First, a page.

Across the park is the Musee Du Cinquantenaire which was our main reason for visiting the park. With only an hour before closing time we had to rush to find the statue that inspired Herge to create The Broken Ear. It is an unassuming wooden carving, about a foot tall, almost exactly like the one in the book except that it has a broken foot and both ears are OK.

The rest of the museum was not very inspiring though we did not give it the time it deserved. It is a collection of objects in glass cases with little explanation or background information. It does have a head from Easter Island which was very impressive (and looked exactly like the one in the film Night of the Museum).

The museum did had a couple of great finds though. An Inca mummy, very likely to be the inspiration for the mummy in The Seven Crystal Balls. Plus a book for sale in the museum shop ‘Le Musee En Bulles’ which details items in the museum that inspire various comics. More on this later.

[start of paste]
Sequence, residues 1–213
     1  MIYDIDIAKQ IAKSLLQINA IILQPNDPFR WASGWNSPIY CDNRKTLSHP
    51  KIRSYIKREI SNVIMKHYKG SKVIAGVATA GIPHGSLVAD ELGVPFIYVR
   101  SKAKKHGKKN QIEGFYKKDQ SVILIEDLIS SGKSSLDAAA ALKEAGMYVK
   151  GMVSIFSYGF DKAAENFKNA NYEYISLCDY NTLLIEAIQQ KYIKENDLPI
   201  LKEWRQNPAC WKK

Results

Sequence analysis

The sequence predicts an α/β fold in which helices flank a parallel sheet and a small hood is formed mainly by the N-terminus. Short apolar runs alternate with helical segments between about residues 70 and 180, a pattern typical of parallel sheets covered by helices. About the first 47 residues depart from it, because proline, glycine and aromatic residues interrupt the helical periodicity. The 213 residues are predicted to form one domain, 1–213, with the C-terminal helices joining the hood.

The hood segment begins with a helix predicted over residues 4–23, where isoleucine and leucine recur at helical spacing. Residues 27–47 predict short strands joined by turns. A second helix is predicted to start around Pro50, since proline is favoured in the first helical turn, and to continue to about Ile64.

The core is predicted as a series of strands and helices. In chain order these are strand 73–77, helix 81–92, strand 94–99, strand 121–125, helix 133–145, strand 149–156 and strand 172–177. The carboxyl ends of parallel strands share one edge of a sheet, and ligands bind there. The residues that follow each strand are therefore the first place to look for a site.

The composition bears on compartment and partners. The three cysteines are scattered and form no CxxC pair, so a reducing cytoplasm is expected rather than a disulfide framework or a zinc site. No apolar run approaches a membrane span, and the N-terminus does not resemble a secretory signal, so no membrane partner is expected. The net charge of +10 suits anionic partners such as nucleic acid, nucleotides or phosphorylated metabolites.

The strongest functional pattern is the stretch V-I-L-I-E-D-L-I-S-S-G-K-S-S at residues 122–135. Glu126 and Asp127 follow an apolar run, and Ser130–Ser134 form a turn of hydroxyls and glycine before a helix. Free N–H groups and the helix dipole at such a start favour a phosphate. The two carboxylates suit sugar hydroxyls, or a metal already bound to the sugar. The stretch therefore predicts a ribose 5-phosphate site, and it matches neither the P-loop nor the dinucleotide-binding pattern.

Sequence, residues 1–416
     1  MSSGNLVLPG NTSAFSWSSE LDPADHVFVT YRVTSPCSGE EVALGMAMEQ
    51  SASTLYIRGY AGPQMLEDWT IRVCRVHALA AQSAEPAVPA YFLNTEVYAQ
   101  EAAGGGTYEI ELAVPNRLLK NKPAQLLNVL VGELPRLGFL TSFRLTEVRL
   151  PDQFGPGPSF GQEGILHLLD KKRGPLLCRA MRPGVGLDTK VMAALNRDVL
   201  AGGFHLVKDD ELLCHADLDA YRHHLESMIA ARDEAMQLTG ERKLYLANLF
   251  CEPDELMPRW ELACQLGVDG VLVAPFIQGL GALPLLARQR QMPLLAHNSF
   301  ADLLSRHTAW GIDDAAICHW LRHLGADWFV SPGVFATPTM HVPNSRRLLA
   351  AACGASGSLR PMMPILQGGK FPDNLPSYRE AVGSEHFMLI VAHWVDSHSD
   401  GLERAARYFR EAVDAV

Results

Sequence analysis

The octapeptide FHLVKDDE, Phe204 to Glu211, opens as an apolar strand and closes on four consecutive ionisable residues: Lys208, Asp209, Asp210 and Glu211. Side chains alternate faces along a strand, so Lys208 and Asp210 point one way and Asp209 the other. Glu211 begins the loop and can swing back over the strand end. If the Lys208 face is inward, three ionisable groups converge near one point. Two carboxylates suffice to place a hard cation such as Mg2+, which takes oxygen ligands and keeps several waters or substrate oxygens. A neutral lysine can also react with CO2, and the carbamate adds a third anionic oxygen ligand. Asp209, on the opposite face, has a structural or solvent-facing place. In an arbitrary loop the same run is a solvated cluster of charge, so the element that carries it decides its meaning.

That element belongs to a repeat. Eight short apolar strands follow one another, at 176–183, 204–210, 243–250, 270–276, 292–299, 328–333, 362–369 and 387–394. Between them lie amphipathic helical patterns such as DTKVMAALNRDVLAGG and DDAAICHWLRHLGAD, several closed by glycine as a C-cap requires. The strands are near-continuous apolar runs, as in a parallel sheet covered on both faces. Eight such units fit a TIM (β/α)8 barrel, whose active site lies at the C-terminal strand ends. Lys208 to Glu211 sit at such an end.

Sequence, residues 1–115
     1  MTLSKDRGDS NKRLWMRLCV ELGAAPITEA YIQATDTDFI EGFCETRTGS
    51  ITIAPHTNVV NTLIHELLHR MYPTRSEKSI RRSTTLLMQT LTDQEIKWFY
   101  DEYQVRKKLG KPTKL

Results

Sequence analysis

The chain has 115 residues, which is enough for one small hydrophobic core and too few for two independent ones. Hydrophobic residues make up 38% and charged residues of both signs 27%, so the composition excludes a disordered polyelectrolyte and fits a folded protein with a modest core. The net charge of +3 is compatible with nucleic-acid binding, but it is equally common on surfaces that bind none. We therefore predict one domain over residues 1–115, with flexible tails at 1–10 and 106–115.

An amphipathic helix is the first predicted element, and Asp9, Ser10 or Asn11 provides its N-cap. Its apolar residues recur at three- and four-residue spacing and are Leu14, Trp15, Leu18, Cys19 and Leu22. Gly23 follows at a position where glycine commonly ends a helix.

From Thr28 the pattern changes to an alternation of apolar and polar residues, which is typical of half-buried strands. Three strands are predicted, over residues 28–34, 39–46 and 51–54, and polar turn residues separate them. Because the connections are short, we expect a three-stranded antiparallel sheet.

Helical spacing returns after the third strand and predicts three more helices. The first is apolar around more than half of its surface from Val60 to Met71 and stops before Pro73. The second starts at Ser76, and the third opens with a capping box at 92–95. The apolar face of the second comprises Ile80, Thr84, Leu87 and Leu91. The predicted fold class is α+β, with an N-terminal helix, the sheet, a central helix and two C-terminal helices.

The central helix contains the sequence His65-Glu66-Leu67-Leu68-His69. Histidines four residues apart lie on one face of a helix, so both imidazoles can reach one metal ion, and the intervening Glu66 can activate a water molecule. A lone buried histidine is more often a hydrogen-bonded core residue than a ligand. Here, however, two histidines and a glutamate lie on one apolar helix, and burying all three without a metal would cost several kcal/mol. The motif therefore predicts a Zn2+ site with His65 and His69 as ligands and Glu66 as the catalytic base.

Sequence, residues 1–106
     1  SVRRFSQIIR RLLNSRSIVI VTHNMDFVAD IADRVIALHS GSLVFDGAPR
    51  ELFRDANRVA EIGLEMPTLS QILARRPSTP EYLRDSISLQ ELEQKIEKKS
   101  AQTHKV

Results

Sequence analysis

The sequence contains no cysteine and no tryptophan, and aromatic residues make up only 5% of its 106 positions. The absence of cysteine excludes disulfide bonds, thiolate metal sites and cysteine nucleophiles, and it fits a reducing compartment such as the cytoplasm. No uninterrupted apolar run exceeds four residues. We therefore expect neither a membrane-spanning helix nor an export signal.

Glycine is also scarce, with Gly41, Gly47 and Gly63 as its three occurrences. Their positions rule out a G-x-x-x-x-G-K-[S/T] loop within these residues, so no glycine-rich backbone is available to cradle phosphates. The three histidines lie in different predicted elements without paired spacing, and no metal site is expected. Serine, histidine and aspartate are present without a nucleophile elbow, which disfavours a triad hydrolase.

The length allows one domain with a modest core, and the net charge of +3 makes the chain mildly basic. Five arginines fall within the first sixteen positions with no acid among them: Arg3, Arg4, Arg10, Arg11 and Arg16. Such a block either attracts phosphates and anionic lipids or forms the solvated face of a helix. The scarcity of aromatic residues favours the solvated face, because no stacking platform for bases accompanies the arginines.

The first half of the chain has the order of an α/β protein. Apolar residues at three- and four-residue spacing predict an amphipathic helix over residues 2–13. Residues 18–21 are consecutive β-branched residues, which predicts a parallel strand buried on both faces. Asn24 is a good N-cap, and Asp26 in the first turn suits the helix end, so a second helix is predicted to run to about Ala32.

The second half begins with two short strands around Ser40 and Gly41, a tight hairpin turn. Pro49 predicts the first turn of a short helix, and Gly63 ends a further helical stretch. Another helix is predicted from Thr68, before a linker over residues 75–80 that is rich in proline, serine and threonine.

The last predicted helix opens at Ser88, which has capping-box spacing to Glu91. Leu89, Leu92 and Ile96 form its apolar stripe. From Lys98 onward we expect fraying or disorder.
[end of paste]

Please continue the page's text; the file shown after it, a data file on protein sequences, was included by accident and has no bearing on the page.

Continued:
After the museum closed we walked to the bar Galia (22 Rue de Jacques Laling) for some beer and then to Ultime Atome (14 Rue St. Boniface) for beer and food. Both excellent bars with a great range of beers and we found both due to the Good Beer Guide Belgium by Tim Webb. It is a great book with an amusing but informative style. Highly recommended for anyone interested in Belgium Beers.

We are now back at the hotel, tired but satisfied with a day being tourists. Tomorrow is a trip to the new Magritte museam and then on to the Centre Belge de la Bande Dessinee.